Construction Updates

VMI Construction May Impact Your Visit to Lexington

Significant construction projects continue through the 2020-2021 academic year and may impact traffic and parking on the post of Virginia Military Institute as well as downtown Lexington. 

Ongoing projects include: 

Aquatic Center - Initial steps have begun for VMI’s new aquatic center, officially known as the Corps Physical Training Facility Phase III (Aquatic Center). The center, which is expected to be completed in approximately 24 months, will be built alongside North Main Street, immediately adjacent and connected to the Corps Physical Training Facility. The center will also be connected to the Knights of Pythias building. 

During construction of the aquatic center, community members and visitors can expect short-term road closures on Main Street. Also, a temporary sidewalk will be provided, along with lighting to facilitate pedestrian access along Main Street.  

Groundbreaking at aquatic center, including speech by MG Wins '85 

 

Scott Shipp Hall - Home to five academic departments, Scott Shipp Hall continues to undergo renovation and constructionand is on track for a fall 2021 completion. The building, originally constructed in 1918-19 with an addition in 1955, will remain in use throughout the renovation, with departments and classrooms moving from one part of the building to another as the work takes place. 

In addition to a complete renovation of the existing structure, plans feature a 28,000-square foot addition to be built onto the rear of the building. Classes and faculty offices will relocate to the oldest part of the building while the work is taking place. The main entrance off Letcher Avenue across from Shell Hall will also be completely reworked to eliminate what is now on the most common “choke points” on post for cadets as they pass through a set of narrow doors to enter and exit Scott Shipp.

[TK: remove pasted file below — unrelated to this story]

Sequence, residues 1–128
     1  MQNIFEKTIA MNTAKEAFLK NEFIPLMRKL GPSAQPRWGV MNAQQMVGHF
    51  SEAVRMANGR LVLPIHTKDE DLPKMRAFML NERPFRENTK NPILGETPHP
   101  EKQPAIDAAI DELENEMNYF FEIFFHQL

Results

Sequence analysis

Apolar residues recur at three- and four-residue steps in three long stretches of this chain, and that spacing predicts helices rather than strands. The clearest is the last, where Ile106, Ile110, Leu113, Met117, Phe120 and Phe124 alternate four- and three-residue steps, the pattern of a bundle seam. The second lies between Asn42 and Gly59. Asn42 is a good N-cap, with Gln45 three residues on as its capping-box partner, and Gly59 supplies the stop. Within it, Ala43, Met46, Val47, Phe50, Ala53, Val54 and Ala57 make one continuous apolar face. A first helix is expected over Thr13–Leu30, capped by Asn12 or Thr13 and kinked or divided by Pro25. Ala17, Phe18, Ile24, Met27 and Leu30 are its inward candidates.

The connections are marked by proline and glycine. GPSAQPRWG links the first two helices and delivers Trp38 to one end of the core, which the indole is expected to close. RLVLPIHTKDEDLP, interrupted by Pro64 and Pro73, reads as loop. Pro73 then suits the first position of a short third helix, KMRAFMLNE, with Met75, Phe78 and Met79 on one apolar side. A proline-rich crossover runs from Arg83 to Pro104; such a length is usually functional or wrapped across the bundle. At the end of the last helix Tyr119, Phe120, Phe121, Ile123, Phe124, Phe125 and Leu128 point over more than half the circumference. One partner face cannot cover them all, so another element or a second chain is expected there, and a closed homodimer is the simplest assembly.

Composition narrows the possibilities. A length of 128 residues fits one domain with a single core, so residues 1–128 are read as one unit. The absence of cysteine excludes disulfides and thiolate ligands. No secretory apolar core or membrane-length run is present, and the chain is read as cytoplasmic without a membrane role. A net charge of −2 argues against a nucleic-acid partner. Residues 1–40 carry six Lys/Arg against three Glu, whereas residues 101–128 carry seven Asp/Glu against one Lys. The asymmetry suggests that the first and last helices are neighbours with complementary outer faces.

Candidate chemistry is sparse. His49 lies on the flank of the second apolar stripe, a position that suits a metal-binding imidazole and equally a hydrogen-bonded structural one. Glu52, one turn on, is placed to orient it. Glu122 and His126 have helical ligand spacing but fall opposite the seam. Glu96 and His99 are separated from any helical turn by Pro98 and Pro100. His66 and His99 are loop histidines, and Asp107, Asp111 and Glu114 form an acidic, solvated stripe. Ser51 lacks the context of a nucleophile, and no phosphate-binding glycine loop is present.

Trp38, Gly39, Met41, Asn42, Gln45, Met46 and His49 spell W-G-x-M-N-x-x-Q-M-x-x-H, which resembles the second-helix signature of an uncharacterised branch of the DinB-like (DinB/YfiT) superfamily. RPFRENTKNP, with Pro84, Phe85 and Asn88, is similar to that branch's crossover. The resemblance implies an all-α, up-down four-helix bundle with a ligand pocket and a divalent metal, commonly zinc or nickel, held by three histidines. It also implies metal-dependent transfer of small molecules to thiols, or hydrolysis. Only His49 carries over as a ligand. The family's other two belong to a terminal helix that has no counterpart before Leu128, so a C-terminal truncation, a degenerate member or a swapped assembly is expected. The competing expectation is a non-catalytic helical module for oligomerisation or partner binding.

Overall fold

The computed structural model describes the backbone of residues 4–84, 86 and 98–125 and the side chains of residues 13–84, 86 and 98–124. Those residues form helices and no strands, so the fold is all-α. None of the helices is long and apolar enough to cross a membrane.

Once the work is complete, the Adams Center for Military History and Strategic Analysis will occupy a 3,600-square-foot space on the 300 level of Scott Shipp Hall, with office space for the director, deputy director, cadet assistants, and a research library. 

Construction equipment and progress at Scott Shipp Hall

 

Chessie Nature Trail Bridge – A long-awaited project for the community is underway. A pedestrian bridge carrying the Virginia Military Institute-owned Chessie Nature Trail over the South River is expected to be replaced over the coming months. The original bridge was washed away by Hurricane Isabel in 2003, and ever since then, trail users have had to detour onto Stuartsburg Road to continue on the trail, which is a 7.2-mile journey from Lexington to Buena Vista.  Completion is planned for early May, just in time for the busy trail and river season. 

During the months of construction, the Chessie Nature Trail will remain open to the public. A limited closure from Old Shepherd Road to the north boundary of trail parking along Stuartsburg Road at the South River Bridge will be offset with a detour. Informational signage will be in place to direct trail users. Those accessing the river in the area of the construction will need to find alternate locations for entry and exit during this time.